Roger Pepys (3 May 1617 – 4 October 1688) was an English lawyer and politician who sat in the House of Commons from 1661 to 1678. He is chiefly remembered as Samuel Pepys's "Cousin Roger": he and his children appear regularly in Samuel's great Diary. Relations between the two men were always good.
Pepys was born at Heydon, Norfolk, the son of Talbot Pepys of Impington, Cambridgeshire and his wife Beatrice Castell, daughter of John Castell of Raveningham, Norfolk. He was educated at The Perse School , Cambridge under the headmastership of Abel Lovering (later the much loved headmaster of Norwwich School) and was admitted at Christ's College, Cambridge on 17 April 1635.
He was admitted at the Middle Temple on 4 November 1634 and was called to the bar in 1641. His cousin Samuel Pepys considered him to be too simple to be a useful lawyer, although his integrity was never in doubt. In the bitter and long drawn out inheritance dispute over the Brampton estate in Huntingdonshire, which Samuel inherited from his uncle Robert, Roger himself regretted that the ultimate settlement was far from favourable to Samuel, his client, although they agreed that it was better to settle the case then let it drag on. He became recorder of Cambridge in 1660 when his father gave up that position.
In 1661, Pepys was elected Member of Parliament for Cambridge in the Cavalier Parliament and sat until 1678. He was active in various bills in his early years in the house, particularly the plague bill in 1665. Though not a republican, he was something of a Puritan, and his cousin Samuel in his Diary records his low opinion of the "young bloods" who dominated the Cavalier Parliament. He was also critical of the Anglican bishops, especially Gilbert Sheldon. His criticisms of the Court became more and more vocal as the years passed: at the Cambridge Assizes in 1664 he was bound over by Sir John Kelyng for insulting the Lord Chief Justice, Sir Robert Hyde. However he was never associated with any opposition movement: like all the "country gentlemen" he prided himself on being independent of any party or faction.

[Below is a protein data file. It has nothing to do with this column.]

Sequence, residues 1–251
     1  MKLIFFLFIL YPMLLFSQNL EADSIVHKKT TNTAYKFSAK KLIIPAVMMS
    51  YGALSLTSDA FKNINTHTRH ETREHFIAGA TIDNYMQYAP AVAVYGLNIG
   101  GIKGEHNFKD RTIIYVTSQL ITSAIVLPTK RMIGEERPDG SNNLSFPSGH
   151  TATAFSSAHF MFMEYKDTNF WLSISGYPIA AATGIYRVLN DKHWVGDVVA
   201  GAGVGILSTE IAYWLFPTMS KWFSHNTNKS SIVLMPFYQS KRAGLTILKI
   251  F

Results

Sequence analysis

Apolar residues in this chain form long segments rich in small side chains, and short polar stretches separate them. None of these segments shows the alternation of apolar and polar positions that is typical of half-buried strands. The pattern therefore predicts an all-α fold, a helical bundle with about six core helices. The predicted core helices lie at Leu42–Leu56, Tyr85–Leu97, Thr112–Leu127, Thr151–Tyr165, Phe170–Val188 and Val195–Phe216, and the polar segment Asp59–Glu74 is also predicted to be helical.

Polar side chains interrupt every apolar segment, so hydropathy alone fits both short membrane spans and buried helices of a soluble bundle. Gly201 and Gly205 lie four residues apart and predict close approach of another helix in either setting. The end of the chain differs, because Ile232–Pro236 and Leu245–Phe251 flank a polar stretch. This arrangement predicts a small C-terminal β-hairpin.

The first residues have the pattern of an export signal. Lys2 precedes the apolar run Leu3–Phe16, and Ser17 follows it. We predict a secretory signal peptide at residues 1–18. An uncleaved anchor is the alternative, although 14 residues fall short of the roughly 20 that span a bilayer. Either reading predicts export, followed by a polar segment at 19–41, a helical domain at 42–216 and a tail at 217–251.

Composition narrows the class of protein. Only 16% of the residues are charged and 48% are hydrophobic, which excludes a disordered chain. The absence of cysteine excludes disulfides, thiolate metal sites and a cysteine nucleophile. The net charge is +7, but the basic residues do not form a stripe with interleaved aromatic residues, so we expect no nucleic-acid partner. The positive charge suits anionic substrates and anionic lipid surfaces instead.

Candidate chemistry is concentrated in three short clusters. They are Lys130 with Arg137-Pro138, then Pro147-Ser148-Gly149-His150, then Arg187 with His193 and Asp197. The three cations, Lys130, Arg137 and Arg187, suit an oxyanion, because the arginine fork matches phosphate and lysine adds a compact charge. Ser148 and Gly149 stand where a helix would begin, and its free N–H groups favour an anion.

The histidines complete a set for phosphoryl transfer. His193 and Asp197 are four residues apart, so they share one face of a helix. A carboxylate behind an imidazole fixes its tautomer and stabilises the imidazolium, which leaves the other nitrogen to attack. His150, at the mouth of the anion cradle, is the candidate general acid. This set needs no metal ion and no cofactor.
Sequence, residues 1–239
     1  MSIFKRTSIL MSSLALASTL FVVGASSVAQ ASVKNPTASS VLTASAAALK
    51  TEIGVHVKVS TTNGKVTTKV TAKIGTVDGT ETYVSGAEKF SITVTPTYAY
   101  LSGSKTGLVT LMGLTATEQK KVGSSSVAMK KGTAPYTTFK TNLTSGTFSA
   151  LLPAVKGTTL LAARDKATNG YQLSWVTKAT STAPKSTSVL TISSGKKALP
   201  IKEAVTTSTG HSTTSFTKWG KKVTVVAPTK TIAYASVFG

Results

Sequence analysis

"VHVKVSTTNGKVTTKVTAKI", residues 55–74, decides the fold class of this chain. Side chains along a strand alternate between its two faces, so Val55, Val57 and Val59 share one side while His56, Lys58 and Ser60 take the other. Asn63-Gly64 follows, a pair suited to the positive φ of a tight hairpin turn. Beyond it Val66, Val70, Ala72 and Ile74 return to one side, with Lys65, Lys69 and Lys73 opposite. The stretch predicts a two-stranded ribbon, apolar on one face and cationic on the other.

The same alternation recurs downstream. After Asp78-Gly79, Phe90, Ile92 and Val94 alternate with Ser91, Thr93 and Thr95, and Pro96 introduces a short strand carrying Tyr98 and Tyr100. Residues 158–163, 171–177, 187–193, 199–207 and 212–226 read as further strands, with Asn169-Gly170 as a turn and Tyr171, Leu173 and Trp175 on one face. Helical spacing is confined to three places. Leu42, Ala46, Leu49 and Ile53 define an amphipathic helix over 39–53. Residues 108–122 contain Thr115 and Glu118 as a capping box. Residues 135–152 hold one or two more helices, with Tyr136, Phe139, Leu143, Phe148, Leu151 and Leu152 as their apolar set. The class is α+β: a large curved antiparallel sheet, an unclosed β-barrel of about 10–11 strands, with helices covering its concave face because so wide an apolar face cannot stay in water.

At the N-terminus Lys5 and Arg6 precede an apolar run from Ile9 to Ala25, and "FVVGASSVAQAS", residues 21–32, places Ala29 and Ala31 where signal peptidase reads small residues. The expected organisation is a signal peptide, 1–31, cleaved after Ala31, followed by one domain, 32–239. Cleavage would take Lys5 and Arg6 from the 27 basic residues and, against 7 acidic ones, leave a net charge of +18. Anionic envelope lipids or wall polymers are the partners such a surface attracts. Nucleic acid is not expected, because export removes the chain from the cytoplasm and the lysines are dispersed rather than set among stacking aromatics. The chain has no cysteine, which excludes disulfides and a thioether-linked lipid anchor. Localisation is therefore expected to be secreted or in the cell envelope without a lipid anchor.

He objected to the precedence given to the vice-chancellor of Cambridge University over the mayor, and acted as teller for an amendment. He was chairman in regard to the bills for establishing the London Fire Court and against atheism and profanity. He stood at the general election in 1679 but was defeated. His cousin Samuel acknowledged that, whatever their differences, Roger had always loyally defended him from attacks on him in Parliament.
He became a bencher of his Inn in 1664. In 1679 he was removed from his post as recorder "for acting in conjunction with the factious party against the court and loyal interest."
Pepys died at the age of 71 and was buried at Impington.
Pepys married four times. He married firstly Anne Banks, daughter of Luke Banks of Beck Hall, Giggleswick, North Yorkshire. He married secondly Barbara Bacon, daughter of Francis Bacon of Norwich and had four sons and two daughters. Through his third wife Parnele Duke, daughter of John Duke, of Worlingham, Suffolk, he inherited the Manor of Diss, Norfolk. He married fourthly Esther Conyers, widow of Rev. Richard Conyers and daughter of Bernard Dickenson of Westminster. His cousin Samuel liked Esther greatly for her cheerfulness and good nature: "an understanding and good woman".
His younger son John was later MP for Cambridge. His eldest son Talbot (died 1681), a barrister, and his daughters Bab and Betty were referred to in the diary of his cousin Samuel, as was their stepmother Esther. Bab married Thomas Gale, high master of St. Paul's School, London and Dean of York, and Betty married Charles Long, Vicar of Risby. Samuel Pepys was fond of both Bab and Betty, although he grumbled at the cost of entertaining them during their lengthy visit to his London house in February 1669.
|Parliament of England|
Sir Dudley North
Sir Thomas Wills, Bt
| Member of Parliament for Cambridge
With: Sir William Compton 1661–1664
The Lord Alington 1664–1678
The Lord Alington
Sir Thomas Chicheley